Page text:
Cash crisis forces Twente to point of no return as Eredivisie threatens to pull license


By Samindra Kunti

March 16 – FC Twente is facing expulsion from the Dutch top-flight, the Eredivisie, next season as the institutional and financial crisis continues to grow at the club. The Dutch FA, the KNVB, is threatening to revoke Twente’s professional license.


The club from the Netherlands is teetering on the edge. FC Twente’s financial trouble first emerged last season: the club had overspent after the windfall from its Champions League participation in the 2010/11 season and had also invested considerably in a state-of-the-art stadium.

Twente implemented measures after pressure from the KBVB in the form of a six points deduction punishment, but the club still had debts of €90 million. By the 2016/17 season Twente wanted to reduce its financial budget to €35 million to further streamline its operations.

But lightening did struck twice at Twente and its story reads as a chronicle of a death foretold. Last week the KBVB and chief investigator Ben Knuppe released a damning report about Twente’s financial management. In response a majority of Twente’s managers resigned and the club announced a new operational model, but the KNVB maintains that the club’s future is bleak.

Last year Gerald Van den Belt arrived at Twente as financial director. He had to implement a €10 million austerity measures package. Van den Belt vowed that Twente’s financial dealings would return to normality, but the KNVB report implied that Van den Belt changed or nothing at the club. The report cites ‘an unhealthy culture’ at boardroom level.

The transfer from Dusan Tadic to Southampton is an apposite example: Tadic’s agent Zoran Pavlovic received €1.8 million for his part in his player’s €13.8 million move to the south of England, but in January interim-director Onno Jacobs disclosed a second agreement with Pavlovic, worth another €1.8 million. Twente didn’t pass on this information to the KNVB, which was monitoring the club’s financial situation.

The club from Enschede had a meeting with Pavlovic at the end of December in Vienna, but Jacobs denied that a deal was done. The second projected sum for Pavlovic had not been accounted for in the annual financial statement of the club. E-mail correspondence between board members suggests that the club was worried on how to deliver the other €1.8 million to Tadic’s agent. Under Van den Belt the club created a construction whereby Pavlovic would have to invoice Twente for non-existing scouting assignments and non-existing negotiations in transfer dealings.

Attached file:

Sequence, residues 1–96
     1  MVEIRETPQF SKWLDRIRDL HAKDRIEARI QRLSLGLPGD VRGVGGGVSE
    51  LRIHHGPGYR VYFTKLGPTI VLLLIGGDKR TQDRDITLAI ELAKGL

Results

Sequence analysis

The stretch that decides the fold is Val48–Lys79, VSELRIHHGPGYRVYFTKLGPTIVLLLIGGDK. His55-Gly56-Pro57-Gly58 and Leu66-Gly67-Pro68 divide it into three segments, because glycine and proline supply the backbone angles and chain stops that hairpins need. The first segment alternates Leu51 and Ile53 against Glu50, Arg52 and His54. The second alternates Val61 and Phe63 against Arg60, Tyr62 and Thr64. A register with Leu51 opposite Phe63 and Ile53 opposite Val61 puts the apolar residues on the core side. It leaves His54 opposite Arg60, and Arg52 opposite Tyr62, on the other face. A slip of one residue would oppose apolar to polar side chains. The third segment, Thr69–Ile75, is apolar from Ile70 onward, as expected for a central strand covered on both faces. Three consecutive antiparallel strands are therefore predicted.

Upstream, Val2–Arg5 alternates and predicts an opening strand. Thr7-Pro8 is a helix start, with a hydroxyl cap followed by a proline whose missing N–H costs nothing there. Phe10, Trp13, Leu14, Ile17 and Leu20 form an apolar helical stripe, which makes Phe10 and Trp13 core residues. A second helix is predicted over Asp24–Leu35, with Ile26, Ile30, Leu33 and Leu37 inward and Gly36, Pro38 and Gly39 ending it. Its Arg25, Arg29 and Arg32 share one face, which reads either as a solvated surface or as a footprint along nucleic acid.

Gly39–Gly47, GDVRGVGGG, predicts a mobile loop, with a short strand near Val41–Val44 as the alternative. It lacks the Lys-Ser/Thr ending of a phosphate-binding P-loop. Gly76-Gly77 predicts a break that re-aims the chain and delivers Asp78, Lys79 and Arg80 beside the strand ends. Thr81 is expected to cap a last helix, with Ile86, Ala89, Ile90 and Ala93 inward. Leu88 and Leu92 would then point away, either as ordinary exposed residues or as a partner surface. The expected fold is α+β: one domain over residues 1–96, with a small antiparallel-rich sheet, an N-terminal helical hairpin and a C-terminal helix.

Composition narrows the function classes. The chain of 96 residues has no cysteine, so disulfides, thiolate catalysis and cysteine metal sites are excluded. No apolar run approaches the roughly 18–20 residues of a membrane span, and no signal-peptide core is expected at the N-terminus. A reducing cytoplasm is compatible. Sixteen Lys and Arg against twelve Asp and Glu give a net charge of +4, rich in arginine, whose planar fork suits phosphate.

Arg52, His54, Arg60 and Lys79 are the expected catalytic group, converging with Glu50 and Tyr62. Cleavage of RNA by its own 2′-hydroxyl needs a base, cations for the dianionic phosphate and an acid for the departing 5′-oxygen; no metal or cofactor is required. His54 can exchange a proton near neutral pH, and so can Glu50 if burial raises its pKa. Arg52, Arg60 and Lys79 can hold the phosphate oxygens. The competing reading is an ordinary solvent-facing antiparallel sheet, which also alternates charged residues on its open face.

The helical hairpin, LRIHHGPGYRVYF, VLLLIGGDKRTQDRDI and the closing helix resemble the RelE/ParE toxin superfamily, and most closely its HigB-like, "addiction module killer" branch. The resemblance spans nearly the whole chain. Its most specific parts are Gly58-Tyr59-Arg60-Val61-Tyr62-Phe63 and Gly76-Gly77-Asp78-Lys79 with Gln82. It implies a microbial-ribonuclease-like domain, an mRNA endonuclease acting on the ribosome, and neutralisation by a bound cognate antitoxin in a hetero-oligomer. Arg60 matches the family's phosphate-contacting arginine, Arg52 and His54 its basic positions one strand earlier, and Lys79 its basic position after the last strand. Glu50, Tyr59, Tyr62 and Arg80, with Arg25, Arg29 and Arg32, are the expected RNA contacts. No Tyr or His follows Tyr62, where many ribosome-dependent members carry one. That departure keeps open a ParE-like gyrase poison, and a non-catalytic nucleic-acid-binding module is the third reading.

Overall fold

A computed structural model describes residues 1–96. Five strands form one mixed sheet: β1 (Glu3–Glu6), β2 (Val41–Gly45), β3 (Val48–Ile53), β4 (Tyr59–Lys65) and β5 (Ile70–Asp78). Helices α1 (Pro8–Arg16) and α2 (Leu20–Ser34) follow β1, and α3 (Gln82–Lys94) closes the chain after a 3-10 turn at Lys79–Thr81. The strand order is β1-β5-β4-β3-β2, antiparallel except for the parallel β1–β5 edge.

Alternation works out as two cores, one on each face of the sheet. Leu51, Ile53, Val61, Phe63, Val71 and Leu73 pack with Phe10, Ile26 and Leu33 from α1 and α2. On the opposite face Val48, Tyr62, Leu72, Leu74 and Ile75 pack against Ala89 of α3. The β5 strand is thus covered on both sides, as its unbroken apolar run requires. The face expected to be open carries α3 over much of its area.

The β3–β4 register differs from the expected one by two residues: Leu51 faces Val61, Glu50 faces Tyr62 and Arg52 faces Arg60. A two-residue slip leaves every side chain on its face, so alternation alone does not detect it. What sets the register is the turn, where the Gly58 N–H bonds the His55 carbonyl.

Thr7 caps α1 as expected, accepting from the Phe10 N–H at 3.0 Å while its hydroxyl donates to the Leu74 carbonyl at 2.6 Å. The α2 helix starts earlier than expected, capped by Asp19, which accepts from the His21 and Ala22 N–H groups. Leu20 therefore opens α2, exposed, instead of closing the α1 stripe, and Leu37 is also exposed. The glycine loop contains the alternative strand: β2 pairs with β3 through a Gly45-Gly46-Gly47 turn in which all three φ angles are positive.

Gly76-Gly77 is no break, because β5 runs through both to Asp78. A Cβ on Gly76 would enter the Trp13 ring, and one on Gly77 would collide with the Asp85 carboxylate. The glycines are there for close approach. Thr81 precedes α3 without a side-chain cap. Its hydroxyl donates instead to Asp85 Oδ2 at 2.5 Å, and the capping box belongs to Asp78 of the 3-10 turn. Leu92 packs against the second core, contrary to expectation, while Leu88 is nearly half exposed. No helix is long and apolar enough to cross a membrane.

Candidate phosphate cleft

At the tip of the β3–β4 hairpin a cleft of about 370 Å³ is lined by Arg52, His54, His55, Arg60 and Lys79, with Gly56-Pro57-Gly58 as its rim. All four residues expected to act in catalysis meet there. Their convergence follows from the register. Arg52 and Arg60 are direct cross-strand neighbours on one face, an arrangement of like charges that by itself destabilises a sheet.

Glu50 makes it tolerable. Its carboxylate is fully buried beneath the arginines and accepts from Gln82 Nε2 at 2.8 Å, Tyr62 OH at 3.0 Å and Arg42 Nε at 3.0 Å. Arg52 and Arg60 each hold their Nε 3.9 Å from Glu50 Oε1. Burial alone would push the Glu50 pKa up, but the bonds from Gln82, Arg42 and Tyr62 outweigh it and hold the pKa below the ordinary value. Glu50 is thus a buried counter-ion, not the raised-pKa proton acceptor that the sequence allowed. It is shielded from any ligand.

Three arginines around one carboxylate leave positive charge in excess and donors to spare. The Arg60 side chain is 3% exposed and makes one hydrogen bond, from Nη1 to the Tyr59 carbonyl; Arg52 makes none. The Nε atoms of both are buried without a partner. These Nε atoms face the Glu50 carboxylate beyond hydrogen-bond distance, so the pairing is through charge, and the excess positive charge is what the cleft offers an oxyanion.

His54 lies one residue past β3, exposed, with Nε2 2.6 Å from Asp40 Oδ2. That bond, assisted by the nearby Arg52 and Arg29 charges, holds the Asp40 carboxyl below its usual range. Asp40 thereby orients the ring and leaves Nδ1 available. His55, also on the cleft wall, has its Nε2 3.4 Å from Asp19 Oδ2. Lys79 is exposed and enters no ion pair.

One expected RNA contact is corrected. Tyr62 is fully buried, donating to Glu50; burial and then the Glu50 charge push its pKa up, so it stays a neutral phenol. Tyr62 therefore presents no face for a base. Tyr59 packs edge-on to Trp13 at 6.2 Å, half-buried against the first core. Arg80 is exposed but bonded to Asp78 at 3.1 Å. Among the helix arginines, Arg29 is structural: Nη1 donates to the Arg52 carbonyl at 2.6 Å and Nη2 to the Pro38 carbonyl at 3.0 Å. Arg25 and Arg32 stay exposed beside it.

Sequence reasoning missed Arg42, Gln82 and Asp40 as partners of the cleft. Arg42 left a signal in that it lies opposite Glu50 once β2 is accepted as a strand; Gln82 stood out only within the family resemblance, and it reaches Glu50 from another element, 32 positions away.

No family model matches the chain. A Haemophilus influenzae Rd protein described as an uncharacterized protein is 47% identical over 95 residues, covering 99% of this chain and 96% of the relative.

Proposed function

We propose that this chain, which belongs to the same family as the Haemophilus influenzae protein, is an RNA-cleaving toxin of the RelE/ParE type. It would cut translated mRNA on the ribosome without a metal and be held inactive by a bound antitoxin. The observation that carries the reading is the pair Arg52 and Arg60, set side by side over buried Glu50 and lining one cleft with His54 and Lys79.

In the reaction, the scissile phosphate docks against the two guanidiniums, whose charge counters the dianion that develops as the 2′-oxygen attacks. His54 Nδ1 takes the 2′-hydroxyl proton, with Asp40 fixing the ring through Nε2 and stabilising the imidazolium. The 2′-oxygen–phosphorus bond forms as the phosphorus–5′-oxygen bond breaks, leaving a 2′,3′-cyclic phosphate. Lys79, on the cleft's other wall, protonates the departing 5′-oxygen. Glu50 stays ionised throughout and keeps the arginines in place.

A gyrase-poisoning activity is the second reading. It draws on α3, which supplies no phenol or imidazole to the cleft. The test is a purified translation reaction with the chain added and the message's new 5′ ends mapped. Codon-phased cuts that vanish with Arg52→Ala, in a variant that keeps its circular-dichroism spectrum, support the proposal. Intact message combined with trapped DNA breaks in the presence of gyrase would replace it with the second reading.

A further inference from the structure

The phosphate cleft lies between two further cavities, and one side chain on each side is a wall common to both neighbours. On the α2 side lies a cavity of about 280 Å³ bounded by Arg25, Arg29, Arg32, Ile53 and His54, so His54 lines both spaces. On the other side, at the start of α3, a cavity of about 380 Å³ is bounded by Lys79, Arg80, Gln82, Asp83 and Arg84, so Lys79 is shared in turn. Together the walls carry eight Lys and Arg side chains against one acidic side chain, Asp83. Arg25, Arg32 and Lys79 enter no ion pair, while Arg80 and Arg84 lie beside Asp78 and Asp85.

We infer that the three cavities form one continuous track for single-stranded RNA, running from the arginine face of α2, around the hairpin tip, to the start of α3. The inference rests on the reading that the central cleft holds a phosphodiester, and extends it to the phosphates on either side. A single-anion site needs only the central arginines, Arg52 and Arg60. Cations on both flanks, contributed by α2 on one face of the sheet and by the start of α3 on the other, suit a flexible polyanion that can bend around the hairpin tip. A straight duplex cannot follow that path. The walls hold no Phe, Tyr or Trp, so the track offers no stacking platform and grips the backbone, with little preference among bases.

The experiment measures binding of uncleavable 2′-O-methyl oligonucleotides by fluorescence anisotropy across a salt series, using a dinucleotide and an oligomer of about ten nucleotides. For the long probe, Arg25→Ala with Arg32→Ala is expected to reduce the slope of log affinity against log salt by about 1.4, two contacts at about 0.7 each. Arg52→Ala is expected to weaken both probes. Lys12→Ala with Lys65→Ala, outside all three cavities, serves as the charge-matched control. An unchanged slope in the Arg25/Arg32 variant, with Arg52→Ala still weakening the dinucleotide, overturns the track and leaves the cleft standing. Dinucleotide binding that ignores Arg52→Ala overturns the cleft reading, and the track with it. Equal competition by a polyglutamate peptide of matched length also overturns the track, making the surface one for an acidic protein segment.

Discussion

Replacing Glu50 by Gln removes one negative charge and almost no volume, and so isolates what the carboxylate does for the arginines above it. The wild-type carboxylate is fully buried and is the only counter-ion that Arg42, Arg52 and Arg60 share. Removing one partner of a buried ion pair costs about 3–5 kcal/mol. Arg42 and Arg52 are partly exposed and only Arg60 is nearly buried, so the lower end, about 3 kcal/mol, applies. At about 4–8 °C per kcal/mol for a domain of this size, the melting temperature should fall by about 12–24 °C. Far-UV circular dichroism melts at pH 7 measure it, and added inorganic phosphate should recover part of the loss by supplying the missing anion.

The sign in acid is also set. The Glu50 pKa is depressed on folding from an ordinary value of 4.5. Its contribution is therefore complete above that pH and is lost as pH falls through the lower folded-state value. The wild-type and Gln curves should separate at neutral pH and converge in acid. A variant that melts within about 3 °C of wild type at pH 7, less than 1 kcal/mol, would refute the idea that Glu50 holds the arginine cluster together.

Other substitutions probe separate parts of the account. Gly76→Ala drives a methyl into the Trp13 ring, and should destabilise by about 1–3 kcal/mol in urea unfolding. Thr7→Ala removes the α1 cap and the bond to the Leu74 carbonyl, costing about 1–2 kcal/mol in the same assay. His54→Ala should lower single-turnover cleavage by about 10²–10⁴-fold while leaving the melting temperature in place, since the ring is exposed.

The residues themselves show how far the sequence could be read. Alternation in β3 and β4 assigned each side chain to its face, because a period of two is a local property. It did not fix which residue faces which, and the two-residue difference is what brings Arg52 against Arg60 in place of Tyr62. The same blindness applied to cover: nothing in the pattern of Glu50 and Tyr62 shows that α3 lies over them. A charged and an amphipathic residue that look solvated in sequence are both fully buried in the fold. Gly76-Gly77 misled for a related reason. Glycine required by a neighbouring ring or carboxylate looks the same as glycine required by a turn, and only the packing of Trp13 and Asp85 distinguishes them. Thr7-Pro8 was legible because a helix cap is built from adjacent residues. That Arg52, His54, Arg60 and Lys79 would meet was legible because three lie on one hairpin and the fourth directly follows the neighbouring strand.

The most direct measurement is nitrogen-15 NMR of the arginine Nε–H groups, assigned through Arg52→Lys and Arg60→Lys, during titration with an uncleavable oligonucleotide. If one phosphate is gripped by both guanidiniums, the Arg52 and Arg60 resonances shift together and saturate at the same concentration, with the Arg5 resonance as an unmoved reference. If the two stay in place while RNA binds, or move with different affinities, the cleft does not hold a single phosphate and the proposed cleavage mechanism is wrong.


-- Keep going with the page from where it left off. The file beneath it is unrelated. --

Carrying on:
The other elephant in the room is Twente’s unsavory connection with Doyen Sport, according to the KNVB report. Doyen Sport wielded too much power and was in a position to influence Twente’s technical policies. Twente never disclosed the ‘side letter’ to the KNVB and as such deceived the Dutch FA about its connection with Doyen Sport.

The club’s dealings with the Malta-based investment firm led to chairman Aldo van der Laan’s resignation in December. The KNVB also penalized Twente with a points-deduction and a three-year ban from European football.

Last week Van den Belt resigned together with board members Hein Trebbe, Hennie ten Hag and Joop de Winter as a result of Knuppe’s report. Twente’s predicament remains precarious: the KNVB is considering granting the Twente its professional license if the Enschede-based club meets Knuppe’s recommendations by May 1 and submits a credible and transparent financial report.

“There are a number of weaknesses from the past, which are very difficult to solve,” said KNVB director of professional football Bert van Oostveen. “I think you need Houdini and Dutch magician Hans Klok at the same time to get them out of this.”

Twente’s main obstacle to meet its May-deadline is renegotiating an agreement with its creditors. The city of Enschede considers those negotiations and a binding agreement a ‘conditio sine qua non’ for it to loan the club €32 million to refinance its debts.

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